(Walker County, TX) “Man in Stolen Car Kills Army Veteran.” “Stolen Truck Used to Steal ATM Machine.” “Car Burglary Suspect Caught Using Stolen Credit Cards.” “Gunman Drives Stolen Camaro Into Armored Van.” These are just a few of many headlines Texans have recently faced regarding vehicle theft and burglary incidents plaguing our state. For those who have never been affected by vehicle crimes, these may be just random stories among many others. But for those who have fallen victim to auto theft and burglary, these are painful reminders that thieves stand ready to violate our way of life and the things important to us including family, home, finances, lifestyle, security and other possessions.
Vehicle thieves are constantly looking for opportunities to take advantage of drivers. And historically, more vehicle thefts and burglaries occur in Texas during summer months, which is why the Reduce Auto Theft in Texas (RATT) statewide vehicle crimes public awareness task force has declared July “Watch Your Car Month.” During “Watch Your Car Month”, representatives from task forces funded by the Texas Auto Burglary and Theft Prevention Authority (ABTPA) will be working in their communities reminding drivers that they must protect their vehicles and possessions inside to avoid victimization by thieves. If drivers leave themselves vulnerable to theft, they are encouraged to change their behavior to avoid vehicle criminals. In addition, drivers should recognize that thieves want to strike in locations where we are most likely to leave belongings and be separated from our vehicles for longer periods of time. Those places may include homes, malls, gyms, movie theaters, hotels, . . . . even places of worship! Anywhere! In other words, thieves are looking for the biggest financial payoff in the shortest amount of time and with the greatest ease.
In 2013, vehicle thefts in Texas totaled 65,671, which means a car was stolen every eight minutes. Any vehicle is a potential target, and those most stolen are at least five years old. In 2014, the most targeted makes/models in Texas included: 1) Ford Pickup, 2) Chevrolet Pickup, 3) Dodge Pickup, 4) Honda Civic, and 5) Chevrolet Tahoe. In 2013, reported vehicle burglaries in Texas totaled 214,294, which means parts or contents were stolen every two minutes.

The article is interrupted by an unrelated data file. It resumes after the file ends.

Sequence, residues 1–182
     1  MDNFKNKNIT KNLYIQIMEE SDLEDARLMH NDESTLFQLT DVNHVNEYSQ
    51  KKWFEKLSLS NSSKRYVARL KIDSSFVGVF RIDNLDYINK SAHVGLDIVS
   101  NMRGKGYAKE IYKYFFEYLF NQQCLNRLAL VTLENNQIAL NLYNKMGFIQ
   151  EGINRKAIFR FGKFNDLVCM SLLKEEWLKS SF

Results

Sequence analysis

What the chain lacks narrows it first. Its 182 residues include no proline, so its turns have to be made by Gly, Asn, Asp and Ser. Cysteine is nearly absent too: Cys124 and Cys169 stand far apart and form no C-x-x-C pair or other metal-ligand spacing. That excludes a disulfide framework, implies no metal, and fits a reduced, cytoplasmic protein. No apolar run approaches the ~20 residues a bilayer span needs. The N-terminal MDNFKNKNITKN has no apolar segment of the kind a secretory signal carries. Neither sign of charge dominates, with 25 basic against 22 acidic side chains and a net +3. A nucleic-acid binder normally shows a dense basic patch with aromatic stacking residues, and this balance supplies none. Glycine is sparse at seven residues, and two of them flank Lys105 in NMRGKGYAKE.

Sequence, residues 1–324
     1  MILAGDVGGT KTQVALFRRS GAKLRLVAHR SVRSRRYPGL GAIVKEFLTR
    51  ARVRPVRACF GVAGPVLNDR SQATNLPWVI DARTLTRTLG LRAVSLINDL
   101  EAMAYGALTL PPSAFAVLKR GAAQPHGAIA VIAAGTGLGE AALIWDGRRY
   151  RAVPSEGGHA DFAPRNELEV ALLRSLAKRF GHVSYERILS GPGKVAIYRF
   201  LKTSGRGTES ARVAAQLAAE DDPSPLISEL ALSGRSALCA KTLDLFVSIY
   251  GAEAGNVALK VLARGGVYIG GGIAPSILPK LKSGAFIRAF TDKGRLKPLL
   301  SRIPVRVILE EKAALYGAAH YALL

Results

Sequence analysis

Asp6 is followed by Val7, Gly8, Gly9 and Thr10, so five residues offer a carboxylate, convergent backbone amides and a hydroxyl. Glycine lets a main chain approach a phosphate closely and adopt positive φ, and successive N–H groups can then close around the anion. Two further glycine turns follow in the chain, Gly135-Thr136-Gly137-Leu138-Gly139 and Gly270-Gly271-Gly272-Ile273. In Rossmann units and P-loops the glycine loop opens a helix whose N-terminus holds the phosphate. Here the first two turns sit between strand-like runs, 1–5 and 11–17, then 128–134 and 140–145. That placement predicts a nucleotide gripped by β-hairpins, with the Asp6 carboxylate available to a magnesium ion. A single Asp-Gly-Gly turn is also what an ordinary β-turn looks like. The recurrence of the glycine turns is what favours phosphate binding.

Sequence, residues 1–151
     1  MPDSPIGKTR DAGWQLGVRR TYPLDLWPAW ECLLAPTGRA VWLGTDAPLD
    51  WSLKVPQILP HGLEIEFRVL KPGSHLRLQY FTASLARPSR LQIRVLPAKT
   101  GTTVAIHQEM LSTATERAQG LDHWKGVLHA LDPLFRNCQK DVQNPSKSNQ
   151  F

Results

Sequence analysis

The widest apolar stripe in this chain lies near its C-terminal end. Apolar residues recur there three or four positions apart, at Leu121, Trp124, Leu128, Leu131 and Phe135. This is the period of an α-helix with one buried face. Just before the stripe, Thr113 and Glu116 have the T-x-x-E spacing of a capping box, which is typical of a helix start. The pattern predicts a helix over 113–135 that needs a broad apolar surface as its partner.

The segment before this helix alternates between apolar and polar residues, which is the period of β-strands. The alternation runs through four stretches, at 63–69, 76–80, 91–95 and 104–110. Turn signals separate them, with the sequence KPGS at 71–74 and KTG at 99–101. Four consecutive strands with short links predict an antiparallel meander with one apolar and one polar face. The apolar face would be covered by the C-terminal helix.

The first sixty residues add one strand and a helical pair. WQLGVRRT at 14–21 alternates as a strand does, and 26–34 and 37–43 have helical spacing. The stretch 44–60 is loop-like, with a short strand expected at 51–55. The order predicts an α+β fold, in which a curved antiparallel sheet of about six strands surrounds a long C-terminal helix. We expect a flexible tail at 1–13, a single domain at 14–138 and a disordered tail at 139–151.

Texas drivers can help law enforcement decrease vehicle crimes by practicing simple prevention methodologies. First, don’t aid thieves by leaving doors unlocked and keys inside. Once a vehicle is stolen, any number of additional offenses could take place. The vehicle may be used to commit another crime. It may be operated erratically and involved in an accident. It may even be dismantled so the parts can be sold to fund other crimes ranging from drug use to terrorism.
Second, remove items from view inside your vehicle. Much like thefts involving the entire vehicle, drivers often unintentionally assist burglars by leaving belongings visible. Items left behind can result in a number of additional offenses. Keys or garage door openers can provide thieves access to homes, where belongings, money, and personal information could be taken. If a pet or child is left unattended in a vehicle, they could become additional victims of a thief. Items such as purses, briefcases, bags, electronics, clothing, or accessories can be stolen, leading to financial ruin, identity theft or resale of items to other unknowing victims.
Third, be aware! No device exists to stop carjackers, so a driver’s best defense is acknowledging surroundings. Watching situations around you can be the difference between becoming a victim and getting home safely.
For additional tips on preventing vehicle crime, information on “Watch Your Car Month”, or to contact another task force, call 800-CAR-WATCH.